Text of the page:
In his fourth season with the Gophers, Mo Walker has seen his play improve, thanks in part to losing 60 pounds.
Renee Jones Schneider, DML - Star Tribune
Starting center Elliott Eliason is considered to be the better defensive player, although his scoring has improved this season.
Photos by Kyndell Harkness • firstname.lastname@example.org,
Gophers centers push to make each other improve
- Article by: Amelia Rayno
- Star Tribune
- January 4, 2014 - 11:57 PM
Elliott Eliason stroked his meager beard with one hand, devilishly glancing at Mo Walker.
“I had to beat him,” Eliason said, nodding toward his teammate and fellow big man.
Apparently, that’s the running dynamic.
The two Gophers centers have developed a friendly but intense competitiveness this season in just about everything they do — from trying to get the better of each other in practice, to Eliason sprouting some facial hair to try to out-beard Walker, or so he jokes.
In the process, the duo is essentially executing a 1-on-1 clinic on improving each other’s shortcomings.
Eliason is better defensively, with rebounding and blocking shots, but he has more trouble on the offensive end. Walker has more post moves and is better in the Gophers’ pick-and-roll, but he lacks the same presence defensively and on the glass. Going at each other in practice only helps shore up the corresponding weaknesses for each, while the two are able to witness what works and what doesn’t in real time.
“It’s amazing what Elliott is really good at, Mo’s not as good at, but Elliott’s weaknesses are Mo’s strengths,” coach Richard Pitino said. “If you could just put Elliott and Mo together, they’d be a phenomenal player. What we’ve got to do now is they’ve got to push each other to get better.”
Perhaps the Gophers are starting to see the results. This season, each player has been asked to play a much greater role than a year ago, and more will be expected as the team gets deeper into the Big Ten schedule. Heading into Sunday’s game against Purdue and 7-footer A.J. Hammons, Eliason has gone from 2.2 points an 3.5 rebounds in 13.7 minutes a game to 5.8 points and 8.2 rebounds in 24.7 minutes this year. In three of the past four games, he has scored in double digits and has totaled 37 rebounds in that stretch. Walker has gone from relative irrelevance last year to contributing 5.4 points and 4.3 rebounds in 15.1 minutes a game.
Meanwhile, they have developed a kind of chemistry from fighting, in different ways, the same overwhelming perception: that the Gophers frontcourt is their Achilles’ heel.
“A lot of people don’t really consider us to be a force inside,” Walker said. “But I think we’re going to surprise a lot of people ... even though we might not be the most athletic, but we get up and down the floor a lot better as opposed to last year, we’re getting off the floor a lot better.”
At the “athletic” bit, Eliason failed to stifle a laugh, outwardly acknowledging his lack of athleticism.
Walker, while losing 60 pounds in the offseason — a necessity for getting him into playing shape — is still not very quick. Eliason makes post play look awkward at times because of his lanky frame, but he has found ways to be highly efficient anyway, blocking shots at the 39th-best rate in the country, according to college basketball statistician Ken Pomeroy.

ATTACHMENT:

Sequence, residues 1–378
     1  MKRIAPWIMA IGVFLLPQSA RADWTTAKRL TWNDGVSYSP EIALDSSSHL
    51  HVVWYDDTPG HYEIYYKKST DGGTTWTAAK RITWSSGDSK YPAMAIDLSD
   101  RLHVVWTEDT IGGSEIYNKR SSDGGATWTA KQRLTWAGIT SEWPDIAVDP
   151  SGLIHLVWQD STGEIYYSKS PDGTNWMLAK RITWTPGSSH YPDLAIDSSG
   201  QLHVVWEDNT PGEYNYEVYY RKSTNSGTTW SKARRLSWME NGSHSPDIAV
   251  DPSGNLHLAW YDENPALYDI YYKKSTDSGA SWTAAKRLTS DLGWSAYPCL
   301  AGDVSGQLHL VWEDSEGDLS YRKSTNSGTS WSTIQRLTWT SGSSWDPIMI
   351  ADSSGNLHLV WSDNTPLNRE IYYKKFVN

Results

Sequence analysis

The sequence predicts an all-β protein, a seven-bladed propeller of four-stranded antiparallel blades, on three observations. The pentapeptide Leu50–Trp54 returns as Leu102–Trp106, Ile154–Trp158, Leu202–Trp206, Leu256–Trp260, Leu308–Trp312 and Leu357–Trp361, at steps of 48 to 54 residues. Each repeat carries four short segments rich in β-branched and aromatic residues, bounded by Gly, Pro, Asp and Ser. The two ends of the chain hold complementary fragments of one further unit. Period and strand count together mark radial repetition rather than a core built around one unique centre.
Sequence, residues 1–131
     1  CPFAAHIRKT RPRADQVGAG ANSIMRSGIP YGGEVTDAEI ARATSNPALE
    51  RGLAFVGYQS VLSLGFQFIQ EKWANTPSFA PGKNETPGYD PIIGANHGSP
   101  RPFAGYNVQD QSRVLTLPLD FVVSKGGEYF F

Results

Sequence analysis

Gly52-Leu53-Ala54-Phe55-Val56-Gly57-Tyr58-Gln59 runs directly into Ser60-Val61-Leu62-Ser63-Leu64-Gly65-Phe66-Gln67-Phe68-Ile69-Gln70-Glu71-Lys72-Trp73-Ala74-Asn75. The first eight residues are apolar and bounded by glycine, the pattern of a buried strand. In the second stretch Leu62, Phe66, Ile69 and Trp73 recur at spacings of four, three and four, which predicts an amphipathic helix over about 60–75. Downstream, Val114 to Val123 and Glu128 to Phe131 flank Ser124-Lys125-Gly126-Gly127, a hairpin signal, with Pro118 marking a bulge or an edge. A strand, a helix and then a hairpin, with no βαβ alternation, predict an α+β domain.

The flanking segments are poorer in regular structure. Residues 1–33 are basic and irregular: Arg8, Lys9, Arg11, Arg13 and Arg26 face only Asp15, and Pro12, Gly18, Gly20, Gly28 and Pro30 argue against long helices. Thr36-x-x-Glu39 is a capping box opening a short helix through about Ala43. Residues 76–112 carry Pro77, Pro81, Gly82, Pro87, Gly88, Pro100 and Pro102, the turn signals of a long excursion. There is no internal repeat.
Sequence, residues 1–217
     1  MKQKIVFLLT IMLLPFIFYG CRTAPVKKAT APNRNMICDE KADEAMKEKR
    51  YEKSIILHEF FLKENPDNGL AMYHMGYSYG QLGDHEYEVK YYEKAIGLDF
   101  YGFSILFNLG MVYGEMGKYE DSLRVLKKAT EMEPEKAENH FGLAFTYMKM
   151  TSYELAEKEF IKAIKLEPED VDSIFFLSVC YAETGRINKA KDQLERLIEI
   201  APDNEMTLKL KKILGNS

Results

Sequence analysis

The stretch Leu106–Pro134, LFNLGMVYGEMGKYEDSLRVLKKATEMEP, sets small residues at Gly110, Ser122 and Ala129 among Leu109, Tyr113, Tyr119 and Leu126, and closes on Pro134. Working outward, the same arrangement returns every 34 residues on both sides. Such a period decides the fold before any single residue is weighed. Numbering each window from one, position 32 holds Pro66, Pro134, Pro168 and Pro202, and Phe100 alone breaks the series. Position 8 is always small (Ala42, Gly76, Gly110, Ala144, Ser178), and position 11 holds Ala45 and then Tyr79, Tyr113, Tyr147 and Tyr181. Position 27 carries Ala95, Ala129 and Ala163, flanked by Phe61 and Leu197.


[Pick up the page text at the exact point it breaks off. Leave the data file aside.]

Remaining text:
In Thursday’s conference opener against Michigan, the frontcourt was not the Gophers’ weakness, with the backcourt underwhelming in a 63-60 loss. Eliason and Walker were actually pretty effective, with Eliason recording his fourth double-double of the year in 24 minutes — even showcasing a couple of offensive moves in the post for scores — and Walker filling in adequately for Eliason when he was out in the second half due to foul trouble.
With the Gophers struggling to keep up with the Wolverines down the stretch, Walker scored consecutive baskets (including a dunk!) to tie the score at 49-49 with 5:53 to play.
It was the kind of aggressive play the Gophers badly needed.
“You have to be — it’s the Big Ten,” Eliason said. “If you’re passive, they’re going to throw it back in my face and we’re going to get killed down low. There are a lot of really good players in there, and we’re going to see even more every night.”
Tall task ahead
The Wolverines were without All-America center Mitch McGary (back) on Thursday, and Glenn Robinson III injured his left ankle early in the second half. But the tests get tougher with Hammons, who had 14 points and six rebounds in a Purdue victory over the Gophers last March.
Pitino said he thinks the competition, both on game nights and in practice, will pay off. Trying to demonstrate this point to his big men, he wrote the name “Casey Prather” on the white board before practice a couple of weeks ago. Prather is a starting senior forward for No. 12 Florida, but in the second year Pitino was a Gators assistant under Billy Donovan, Prather barely played.
“He had a long way to go, but he went against Chandler Parsons [now with the Houston Rockets] every single day, and Chandler made him better,” Pitino said. “Not as quickly as people would like, but he’s very good four years down the road.”
Now that competitive fire is doing the same for the Gophers centers. A few weeks back, after a particularly strong individual instruction for Walker, Pitino warned Eliason that his teammate could steal his starting spot.
“Elliott came right back and had a phenomenal practice,” Pitino said. “So it just showed, those two guys are making each other better.”
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